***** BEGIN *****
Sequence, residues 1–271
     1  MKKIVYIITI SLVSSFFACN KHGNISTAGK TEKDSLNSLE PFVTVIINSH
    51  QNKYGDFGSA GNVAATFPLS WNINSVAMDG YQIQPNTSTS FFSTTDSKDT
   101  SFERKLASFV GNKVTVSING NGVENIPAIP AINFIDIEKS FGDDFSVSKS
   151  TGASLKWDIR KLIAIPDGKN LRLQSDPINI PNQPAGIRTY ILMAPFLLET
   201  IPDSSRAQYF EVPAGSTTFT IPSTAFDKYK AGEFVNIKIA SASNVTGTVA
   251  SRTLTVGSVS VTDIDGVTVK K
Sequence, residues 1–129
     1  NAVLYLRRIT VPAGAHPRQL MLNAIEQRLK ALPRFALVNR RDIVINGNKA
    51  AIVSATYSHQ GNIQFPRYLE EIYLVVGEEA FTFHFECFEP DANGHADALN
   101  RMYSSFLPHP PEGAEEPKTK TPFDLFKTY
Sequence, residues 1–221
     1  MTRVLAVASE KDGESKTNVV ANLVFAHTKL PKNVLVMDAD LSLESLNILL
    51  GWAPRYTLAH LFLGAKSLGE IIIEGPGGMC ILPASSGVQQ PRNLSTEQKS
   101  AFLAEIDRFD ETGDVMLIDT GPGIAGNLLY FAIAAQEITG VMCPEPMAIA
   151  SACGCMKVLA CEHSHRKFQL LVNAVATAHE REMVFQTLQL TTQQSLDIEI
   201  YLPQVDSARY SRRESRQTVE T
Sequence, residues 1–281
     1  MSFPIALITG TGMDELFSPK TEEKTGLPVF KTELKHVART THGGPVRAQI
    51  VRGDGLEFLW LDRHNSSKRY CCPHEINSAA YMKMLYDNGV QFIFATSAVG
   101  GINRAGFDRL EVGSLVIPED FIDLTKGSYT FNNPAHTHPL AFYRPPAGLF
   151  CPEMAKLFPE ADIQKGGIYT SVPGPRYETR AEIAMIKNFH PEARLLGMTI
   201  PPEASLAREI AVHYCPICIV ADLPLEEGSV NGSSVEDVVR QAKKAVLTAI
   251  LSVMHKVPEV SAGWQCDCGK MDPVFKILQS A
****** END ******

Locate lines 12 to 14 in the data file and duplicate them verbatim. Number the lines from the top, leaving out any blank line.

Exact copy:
Sequence, residues 1–221
     1  MTRVLAVASE KDGESKTNVV ANLVFAHTKL PKNVLVMDAD LSLESLNILL
    51  GWAPRYTLAH LFLGAKSLGE IIIEGPGGMC ILPASSGVQQ PRNLSTEQKS